Tony Macleod, who is preparing to start his final year of a BA (Hons) degree in music production and sound engineering at dBs in Plymouth, says he would ‘recommend this centre to anyone who has similar interests and aspirations’. He says that ‘open days and experience days’ give people who are interested in music production ‘great access to some state-of-the-art studios’ while also giving them ‘the chance to meet experienced tutors and staff’ who have worked in the industry and are ‘without doubt some of the best in the country’.

Hannah Harris, Plymouth Culture CEO, tells Made in Plymouth: “Plymouth’s 10-year culture strategy sets out a vision for the city in terms of the arts and organisations like dBs are helping us to deliver this vision.

“Our ambition is that culture in Plymouth should be for anyone and everyone, so any outreach programme like this from arts, music and culture-related organisations in the city is welcomed with open arms. It’s all about providing opportunities for people and dispelling the belief that art and culture is only for certain individuals.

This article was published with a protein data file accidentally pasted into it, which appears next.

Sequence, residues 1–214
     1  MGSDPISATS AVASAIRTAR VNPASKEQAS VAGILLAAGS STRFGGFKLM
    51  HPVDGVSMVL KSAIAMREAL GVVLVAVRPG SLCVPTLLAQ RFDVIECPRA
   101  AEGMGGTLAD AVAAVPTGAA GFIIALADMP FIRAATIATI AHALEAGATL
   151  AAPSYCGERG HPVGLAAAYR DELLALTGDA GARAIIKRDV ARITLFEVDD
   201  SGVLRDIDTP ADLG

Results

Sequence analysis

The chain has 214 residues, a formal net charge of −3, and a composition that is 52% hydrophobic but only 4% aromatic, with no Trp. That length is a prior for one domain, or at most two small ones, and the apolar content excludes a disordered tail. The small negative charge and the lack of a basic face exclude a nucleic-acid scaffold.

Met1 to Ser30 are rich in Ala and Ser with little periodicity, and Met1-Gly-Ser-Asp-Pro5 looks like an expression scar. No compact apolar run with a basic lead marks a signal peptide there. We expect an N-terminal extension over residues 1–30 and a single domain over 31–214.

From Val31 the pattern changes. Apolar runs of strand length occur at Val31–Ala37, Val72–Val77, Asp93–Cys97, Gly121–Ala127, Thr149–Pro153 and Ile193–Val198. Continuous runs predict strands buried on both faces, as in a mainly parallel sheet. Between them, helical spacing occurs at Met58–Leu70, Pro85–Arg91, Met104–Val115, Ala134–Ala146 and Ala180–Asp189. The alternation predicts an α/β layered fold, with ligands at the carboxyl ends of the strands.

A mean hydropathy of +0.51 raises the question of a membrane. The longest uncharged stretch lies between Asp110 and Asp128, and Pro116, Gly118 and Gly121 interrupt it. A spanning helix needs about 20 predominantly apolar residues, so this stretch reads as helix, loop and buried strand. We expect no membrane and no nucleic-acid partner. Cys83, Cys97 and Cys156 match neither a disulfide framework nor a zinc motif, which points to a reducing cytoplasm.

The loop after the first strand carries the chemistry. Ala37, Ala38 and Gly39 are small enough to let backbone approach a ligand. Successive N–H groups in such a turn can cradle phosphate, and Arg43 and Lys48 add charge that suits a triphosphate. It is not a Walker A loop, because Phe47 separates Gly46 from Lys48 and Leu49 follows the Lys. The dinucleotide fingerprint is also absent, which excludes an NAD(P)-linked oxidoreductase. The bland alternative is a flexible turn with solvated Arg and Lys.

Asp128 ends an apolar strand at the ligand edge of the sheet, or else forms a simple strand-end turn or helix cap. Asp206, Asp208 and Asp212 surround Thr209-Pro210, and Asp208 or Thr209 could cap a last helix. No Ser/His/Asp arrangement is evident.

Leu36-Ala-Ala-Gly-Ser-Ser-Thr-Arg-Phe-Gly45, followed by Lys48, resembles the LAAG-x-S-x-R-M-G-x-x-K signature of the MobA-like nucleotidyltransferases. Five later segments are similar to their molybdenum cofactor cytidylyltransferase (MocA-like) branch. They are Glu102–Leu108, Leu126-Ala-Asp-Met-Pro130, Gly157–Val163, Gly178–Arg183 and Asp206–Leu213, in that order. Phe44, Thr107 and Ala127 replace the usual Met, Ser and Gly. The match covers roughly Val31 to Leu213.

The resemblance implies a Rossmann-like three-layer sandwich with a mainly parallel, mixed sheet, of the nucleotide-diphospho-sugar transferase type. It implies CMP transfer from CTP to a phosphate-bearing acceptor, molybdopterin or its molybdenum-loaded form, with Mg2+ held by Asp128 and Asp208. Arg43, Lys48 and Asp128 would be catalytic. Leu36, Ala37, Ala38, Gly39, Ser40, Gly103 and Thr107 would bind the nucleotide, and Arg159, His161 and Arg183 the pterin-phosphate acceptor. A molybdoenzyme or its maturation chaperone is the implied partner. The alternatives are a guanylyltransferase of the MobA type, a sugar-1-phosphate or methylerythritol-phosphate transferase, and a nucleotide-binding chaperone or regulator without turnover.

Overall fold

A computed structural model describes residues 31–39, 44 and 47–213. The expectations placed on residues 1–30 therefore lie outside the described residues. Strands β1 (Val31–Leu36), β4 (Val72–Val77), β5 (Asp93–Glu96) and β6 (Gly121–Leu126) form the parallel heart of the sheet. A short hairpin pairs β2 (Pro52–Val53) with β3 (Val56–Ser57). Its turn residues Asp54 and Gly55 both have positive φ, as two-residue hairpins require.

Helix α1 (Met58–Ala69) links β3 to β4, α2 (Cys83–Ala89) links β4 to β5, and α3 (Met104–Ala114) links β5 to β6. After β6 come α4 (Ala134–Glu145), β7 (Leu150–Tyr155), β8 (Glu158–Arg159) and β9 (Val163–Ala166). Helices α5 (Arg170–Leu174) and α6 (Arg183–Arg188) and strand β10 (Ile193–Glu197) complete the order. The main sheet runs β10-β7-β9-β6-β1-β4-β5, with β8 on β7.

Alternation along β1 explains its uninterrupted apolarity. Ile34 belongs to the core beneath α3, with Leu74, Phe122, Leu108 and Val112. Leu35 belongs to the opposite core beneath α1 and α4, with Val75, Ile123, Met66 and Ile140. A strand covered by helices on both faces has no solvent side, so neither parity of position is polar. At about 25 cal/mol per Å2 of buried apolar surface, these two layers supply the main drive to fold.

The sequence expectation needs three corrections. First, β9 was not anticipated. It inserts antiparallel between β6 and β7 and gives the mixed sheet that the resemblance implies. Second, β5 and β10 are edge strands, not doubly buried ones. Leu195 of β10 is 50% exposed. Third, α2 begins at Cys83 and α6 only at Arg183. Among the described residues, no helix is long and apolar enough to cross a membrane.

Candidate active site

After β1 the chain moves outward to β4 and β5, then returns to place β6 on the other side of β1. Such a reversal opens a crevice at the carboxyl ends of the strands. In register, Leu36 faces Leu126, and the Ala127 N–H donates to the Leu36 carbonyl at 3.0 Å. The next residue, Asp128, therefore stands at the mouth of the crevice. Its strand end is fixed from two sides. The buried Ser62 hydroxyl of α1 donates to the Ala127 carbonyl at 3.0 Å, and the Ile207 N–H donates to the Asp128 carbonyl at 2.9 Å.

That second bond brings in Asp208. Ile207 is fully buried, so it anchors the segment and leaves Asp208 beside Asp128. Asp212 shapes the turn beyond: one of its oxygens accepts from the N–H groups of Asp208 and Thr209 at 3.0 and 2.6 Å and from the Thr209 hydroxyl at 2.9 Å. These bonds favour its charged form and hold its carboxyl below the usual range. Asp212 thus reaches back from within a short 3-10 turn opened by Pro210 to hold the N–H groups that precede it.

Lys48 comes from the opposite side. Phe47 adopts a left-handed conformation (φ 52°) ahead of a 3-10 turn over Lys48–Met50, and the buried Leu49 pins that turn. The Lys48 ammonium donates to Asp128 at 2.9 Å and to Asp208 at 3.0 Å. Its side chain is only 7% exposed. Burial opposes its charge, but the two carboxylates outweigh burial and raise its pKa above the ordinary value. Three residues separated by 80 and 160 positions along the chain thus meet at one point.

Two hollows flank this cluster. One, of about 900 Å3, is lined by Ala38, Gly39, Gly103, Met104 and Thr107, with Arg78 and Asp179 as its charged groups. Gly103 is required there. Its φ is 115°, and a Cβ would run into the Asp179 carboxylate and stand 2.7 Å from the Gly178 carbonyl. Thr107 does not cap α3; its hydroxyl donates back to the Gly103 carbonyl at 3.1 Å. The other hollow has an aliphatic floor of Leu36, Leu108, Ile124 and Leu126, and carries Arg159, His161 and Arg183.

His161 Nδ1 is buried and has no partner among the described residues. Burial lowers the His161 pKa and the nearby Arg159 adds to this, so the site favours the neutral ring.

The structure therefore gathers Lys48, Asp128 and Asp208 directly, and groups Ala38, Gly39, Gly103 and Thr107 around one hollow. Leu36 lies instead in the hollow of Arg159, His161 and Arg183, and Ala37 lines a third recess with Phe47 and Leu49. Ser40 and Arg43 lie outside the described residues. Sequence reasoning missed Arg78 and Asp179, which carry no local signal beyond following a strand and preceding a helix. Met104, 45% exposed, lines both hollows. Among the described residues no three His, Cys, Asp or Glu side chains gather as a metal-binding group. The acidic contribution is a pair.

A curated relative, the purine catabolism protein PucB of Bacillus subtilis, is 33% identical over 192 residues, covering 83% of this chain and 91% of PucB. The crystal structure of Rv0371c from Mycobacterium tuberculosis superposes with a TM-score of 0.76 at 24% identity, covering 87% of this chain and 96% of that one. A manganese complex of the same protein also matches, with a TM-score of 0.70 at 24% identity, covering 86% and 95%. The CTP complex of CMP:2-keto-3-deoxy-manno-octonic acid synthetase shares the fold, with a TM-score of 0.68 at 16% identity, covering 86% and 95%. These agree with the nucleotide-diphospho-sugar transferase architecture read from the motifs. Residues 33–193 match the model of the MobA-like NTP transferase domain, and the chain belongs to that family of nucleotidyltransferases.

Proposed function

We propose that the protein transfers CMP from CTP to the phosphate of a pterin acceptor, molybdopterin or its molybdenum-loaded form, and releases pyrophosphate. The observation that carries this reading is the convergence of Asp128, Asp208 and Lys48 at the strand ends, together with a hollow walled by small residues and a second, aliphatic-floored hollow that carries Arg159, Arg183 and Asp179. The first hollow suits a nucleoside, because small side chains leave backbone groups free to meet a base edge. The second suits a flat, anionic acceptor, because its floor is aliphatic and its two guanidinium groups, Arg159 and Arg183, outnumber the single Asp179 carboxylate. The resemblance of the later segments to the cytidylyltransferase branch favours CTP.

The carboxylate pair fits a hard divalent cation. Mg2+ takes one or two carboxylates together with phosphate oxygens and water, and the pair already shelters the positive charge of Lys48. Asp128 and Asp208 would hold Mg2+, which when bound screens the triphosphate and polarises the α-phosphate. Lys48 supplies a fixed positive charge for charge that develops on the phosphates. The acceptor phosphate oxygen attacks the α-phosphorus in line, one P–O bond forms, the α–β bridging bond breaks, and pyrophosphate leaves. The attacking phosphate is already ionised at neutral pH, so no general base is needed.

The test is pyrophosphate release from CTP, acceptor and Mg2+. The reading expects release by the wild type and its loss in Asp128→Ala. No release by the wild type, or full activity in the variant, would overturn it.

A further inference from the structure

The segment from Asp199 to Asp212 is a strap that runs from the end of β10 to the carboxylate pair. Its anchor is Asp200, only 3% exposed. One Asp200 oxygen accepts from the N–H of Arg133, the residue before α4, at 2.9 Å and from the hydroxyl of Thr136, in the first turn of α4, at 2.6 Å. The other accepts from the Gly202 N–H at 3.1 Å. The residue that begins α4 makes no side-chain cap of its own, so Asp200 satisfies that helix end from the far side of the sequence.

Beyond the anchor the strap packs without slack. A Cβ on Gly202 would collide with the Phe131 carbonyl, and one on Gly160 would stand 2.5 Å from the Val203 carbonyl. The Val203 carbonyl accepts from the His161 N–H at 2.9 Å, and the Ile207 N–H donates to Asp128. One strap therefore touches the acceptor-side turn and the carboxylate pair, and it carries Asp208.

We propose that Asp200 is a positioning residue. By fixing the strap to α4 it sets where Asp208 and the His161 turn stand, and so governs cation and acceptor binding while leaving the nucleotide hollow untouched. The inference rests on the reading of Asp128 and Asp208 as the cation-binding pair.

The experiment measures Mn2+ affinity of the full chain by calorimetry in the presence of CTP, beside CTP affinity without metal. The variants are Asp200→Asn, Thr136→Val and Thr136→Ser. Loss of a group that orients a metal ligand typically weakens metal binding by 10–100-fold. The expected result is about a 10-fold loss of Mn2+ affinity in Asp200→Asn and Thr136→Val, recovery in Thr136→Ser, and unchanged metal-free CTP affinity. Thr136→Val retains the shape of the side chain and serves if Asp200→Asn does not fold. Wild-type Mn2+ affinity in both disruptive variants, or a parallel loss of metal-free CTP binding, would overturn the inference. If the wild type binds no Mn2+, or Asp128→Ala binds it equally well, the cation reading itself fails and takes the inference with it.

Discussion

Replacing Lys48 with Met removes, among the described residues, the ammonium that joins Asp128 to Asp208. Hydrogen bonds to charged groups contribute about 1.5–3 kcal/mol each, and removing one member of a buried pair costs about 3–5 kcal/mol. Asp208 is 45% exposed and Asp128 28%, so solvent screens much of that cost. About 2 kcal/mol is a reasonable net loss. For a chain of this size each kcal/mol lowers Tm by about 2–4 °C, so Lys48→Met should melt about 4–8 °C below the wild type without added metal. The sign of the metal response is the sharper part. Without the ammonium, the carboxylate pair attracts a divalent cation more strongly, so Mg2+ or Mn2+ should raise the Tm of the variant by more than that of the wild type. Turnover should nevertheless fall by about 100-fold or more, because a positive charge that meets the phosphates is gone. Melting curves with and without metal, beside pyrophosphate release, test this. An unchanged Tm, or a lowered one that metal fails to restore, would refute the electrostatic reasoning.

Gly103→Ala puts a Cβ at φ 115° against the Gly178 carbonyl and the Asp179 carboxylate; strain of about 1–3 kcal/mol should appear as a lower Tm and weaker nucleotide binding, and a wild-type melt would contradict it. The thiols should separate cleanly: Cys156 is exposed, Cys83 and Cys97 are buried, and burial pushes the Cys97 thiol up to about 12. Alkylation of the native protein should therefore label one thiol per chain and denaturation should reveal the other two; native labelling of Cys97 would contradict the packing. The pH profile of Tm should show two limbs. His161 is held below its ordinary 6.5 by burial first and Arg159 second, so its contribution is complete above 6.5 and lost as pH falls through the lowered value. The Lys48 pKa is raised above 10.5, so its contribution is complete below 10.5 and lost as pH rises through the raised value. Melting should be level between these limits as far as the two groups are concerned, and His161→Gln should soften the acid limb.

“What dBs is doing by engaging with Plymouth’s communities is the embodiment of our strategic ambition to take opportunities and conversations into communities. We hope more businesses and organisations will follow suit in the near future.”

Cosmic Sessions: CORE with Beelzedub, Seamouse, Oh Mr James & Unterwork is on Friday 7 June 2024 from 9pm until 2am at Cosmic Kitchen in Palace Street, near the Barbican. Alex Kearney is performing a hybrid live/DJ set at the event, which is open to anyone over 18 years old. Entry is £5. For more, see: here.

dBs Institute is based at 6 Elizabeth Court in Higher Lane, Plymouth. For contact details and to find out more, see the website: here.